The recession has spurred more interest in volunteering among older adults, particularly among boomers, says Jill Friedman Fixler, a nonprofit consultant and co-author of “Boomer Volunteer Engagement.”

“This is a group with abundant skills and profound circles of influence and they believe they can have an impact in their community right now,” she says.

That was the idea for Chesnut. After leaving his job as a retail sales executive with Procter & Gamble, Chesnut, 64, spent several years as a counselor for small business owners. When he moved to Denver a few years ago, he decided to focus on helping nonprofits. As he explored his options, Chesnut was struck by Denver’s homeless problem. Millions of dollars were being spent pulling families out of shelters, but programs that were trying to keep families out of them to begin with were underfunded. After organizing a coalition of local nonprofits, Chesnut began a research project that eventually led to a successful $600,000 grant.

“Coming from the corporate world and working with large retailers, you learn to look for common interest,” he says. “What I did was put numbers to the problem.”

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Shifting Course: Why You Should Be Preparing For The New Volunteer

Non Profit Consulting and Training - Wendy Biro-Pollard

If you did a survey of hospital volunteer programs, you would discover the majority of them were formed in the early-to-mid 1950’s. These programs were organized by GI Generation women, many of whom had worked and volunteered to support the war. Once their soldiers returned, the women returned home too, raising children and putting their time, organizing skills, and energy into volunteering and raising funds for civic organizations…and community hospitals.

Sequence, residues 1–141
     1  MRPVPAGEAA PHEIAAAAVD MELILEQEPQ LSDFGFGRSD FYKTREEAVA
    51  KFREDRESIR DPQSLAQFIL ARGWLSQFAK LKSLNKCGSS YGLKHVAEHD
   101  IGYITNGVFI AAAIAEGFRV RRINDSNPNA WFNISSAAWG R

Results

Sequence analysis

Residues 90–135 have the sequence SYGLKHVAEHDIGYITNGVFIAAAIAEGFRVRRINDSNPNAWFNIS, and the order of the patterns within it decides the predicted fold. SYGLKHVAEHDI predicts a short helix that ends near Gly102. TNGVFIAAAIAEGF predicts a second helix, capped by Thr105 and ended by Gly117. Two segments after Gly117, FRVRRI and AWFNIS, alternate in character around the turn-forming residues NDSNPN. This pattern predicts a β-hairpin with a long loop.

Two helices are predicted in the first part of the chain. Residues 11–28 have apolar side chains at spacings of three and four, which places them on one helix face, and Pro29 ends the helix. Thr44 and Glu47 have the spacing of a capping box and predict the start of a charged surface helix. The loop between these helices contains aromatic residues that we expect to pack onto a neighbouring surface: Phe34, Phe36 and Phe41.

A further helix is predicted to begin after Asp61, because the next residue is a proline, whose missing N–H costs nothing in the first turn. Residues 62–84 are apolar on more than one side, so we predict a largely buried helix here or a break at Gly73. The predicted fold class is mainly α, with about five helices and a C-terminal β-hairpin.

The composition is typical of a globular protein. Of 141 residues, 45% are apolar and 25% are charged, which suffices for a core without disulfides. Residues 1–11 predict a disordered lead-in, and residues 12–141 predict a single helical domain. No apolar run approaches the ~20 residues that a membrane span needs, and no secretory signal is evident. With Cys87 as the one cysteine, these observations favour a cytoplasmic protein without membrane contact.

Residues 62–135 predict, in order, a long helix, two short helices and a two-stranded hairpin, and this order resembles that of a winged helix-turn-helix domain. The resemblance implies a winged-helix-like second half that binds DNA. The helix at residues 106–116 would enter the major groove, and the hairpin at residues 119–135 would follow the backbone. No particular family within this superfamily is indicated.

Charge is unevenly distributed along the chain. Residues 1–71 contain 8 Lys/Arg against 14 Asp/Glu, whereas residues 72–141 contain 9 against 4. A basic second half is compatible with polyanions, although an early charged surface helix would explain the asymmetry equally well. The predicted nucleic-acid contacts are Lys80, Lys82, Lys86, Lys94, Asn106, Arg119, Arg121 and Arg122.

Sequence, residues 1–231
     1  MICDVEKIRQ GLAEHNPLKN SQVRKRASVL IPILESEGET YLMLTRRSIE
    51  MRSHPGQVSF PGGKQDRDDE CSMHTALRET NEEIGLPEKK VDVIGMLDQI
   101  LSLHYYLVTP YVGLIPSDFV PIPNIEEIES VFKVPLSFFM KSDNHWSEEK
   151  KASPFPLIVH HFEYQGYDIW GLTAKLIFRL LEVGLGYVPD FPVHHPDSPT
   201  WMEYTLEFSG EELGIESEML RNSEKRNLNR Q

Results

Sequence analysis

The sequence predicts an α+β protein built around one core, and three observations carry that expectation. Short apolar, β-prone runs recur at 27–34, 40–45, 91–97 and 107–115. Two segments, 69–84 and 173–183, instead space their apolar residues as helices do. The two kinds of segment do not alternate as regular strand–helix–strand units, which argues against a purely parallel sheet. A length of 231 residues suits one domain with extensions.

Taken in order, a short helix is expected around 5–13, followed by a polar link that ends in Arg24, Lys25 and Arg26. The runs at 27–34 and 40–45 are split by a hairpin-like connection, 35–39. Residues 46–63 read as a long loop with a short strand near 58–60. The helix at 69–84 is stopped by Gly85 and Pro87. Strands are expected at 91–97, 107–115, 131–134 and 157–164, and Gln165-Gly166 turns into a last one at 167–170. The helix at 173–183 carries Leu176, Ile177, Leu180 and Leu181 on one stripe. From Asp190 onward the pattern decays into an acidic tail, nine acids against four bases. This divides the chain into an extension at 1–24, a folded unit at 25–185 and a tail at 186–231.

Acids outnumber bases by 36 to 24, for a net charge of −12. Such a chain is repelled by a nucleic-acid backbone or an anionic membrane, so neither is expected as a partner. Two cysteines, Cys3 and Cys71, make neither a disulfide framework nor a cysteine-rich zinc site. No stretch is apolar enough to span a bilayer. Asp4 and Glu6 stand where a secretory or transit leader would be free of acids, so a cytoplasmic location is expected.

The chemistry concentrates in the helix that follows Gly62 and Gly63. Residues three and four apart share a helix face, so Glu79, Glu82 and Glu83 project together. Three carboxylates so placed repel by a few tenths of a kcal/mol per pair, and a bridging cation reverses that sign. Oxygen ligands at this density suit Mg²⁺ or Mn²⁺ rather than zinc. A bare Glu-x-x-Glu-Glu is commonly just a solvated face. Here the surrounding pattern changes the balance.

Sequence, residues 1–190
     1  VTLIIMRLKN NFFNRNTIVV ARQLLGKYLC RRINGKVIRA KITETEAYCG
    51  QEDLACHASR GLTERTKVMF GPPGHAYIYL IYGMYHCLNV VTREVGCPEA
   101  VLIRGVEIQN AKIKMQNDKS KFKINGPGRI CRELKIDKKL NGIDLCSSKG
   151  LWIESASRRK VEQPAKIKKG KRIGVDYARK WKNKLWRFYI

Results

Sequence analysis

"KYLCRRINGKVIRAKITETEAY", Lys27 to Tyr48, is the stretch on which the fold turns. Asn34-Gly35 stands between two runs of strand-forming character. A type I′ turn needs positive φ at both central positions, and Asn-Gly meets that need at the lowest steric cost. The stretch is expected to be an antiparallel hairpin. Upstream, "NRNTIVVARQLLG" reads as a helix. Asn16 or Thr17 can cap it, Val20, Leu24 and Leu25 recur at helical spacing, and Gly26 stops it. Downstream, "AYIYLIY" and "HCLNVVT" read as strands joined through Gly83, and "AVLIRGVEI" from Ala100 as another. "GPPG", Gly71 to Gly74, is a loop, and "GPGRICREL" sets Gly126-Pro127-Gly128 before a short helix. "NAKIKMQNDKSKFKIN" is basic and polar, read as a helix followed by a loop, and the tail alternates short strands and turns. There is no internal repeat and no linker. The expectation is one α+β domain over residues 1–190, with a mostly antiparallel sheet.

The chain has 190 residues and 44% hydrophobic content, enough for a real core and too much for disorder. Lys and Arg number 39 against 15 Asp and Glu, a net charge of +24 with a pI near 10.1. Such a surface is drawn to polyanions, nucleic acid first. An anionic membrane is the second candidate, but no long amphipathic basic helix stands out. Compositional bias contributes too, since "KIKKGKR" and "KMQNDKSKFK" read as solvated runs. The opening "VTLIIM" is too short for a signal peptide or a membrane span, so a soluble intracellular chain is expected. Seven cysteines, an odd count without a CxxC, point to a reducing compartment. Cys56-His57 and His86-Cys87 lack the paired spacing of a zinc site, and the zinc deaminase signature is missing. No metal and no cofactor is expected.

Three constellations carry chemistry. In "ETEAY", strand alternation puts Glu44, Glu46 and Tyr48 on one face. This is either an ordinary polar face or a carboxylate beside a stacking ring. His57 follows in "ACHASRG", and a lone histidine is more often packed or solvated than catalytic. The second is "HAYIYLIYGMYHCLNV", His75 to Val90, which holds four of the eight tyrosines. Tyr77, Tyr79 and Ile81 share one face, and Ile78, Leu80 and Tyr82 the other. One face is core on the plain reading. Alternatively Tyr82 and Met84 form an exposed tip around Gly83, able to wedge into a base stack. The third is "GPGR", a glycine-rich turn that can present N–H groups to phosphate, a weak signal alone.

Many in the GI Generation were shaped by two world wars and a great depression, and so were their workplace values. These are the values that have defined hospital volunteer programs for more than 50 years–serving on a regular-ongoing basis, performing repetitive, lower skilled, highly defined roles. An annual banquet and a pin for their service hours were standard and desirable forms of recognition. A pink pinafore was a source of pride. Now the youngest members of the GI Generation are 85 years of age.

What is your healthcare institution doing to create new systems and new opportunities for the next volunteer generation?

Your volunteer pool is dwindling and you are not alone.  But looking to younger volunteers to work in “old” systems won’t succeed. This next generation says they prefer short-term commitments.  They want meaningful work and opportunities to use their professional skills. They want autonomy, self-direction and lots of choice when volunteering.  They are time-poor and you are competing for their recreational time and time with friends and loved ones. What they want in exchange is a valuable experience-reflective of their ideals, their skills, and their values!